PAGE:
Are Online Certificates Beneficial To Your Career?
Over the last decade, many online education companies have sprung up, including programs like Coursera, Udacity, edX, and some large universities. Whether to get a formal education from top educators, or to simply brush up on specific skills, these online classes offer valuable educational opportunities for people around the world. Yet a central question remains - do they actually help people get jobs?
In theory, the value of a certificate comes from two sources: (i) the signal it sends to the market and (ii) the skills taught.
The signal a credential provides should have an immediate premium over those who don’t have it. And this premium should deteriorate over the course of someone’s career. Skill accumulation, on the other hand, should be the gift that keeps giving, with a positive impact on seniority and promotion rates over time.
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By looking at the seniority of those who have online certificates and compare them to those who do not, we see a very surprising trend. As it turns out, in the very beginning of a career, there is a persistent negative premium from online certificates, that only grows to be positive after several years.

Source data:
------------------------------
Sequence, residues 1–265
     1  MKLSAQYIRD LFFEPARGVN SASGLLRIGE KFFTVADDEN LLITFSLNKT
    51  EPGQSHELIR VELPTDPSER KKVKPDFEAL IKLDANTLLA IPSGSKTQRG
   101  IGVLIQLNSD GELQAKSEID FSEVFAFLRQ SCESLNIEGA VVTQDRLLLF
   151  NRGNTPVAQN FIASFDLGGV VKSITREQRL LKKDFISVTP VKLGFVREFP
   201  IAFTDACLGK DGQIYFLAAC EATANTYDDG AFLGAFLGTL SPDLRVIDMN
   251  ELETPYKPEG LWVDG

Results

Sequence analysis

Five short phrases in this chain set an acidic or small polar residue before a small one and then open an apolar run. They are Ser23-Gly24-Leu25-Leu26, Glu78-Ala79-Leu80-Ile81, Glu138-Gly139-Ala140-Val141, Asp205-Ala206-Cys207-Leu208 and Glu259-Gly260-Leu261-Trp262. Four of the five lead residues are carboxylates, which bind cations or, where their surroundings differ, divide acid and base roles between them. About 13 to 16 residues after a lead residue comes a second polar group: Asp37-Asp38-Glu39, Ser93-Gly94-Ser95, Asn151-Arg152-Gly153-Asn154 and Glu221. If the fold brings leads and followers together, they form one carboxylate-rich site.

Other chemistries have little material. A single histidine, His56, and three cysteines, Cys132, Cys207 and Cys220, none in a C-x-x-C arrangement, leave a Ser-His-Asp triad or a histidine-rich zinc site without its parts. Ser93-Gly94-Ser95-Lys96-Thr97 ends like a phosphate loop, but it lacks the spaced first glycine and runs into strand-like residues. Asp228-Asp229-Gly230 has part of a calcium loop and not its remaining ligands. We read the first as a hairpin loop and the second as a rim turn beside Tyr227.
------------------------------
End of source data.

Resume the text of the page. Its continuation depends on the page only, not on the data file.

- The primary benefit of online education appears to be the education itself, not the credentials. Considering that the common business model for online courses is to offer courses for free but charge for a formal certificate, we think this is quite an important distinction.
- Certification may be pursued more by those with worse career prospects, which would explain why early-career seniority is significantly lower for those who get certified than those who don’t.
- Online certificates become less and less useful as formal education credentials increase. Bachelor degree holders benefit the most, while PhD holders benefit the least.
If you have any ideas of other metrics to track or would like to hear more, please feel free to reach out.